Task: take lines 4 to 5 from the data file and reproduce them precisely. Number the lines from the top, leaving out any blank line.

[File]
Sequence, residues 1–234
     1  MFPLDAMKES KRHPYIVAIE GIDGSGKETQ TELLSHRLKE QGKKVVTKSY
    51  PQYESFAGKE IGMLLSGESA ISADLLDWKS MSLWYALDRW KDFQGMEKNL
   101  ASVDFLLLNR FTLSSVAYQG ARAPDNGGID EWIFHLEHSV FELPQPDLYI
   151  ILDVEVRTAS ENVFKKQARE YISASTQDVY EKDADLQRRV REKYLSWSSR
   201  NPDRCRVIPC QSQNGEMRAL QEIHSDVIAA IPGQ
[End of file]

   101  ASVDFLLLNR FTLSSVAYQG ARAPDNGGID EWIFHLEHSV FELPQPDLYI
   151  ILDVEVRTAS ENVFKKQARE YISASTQDVY EKDADLQRRV REKYLSWSSR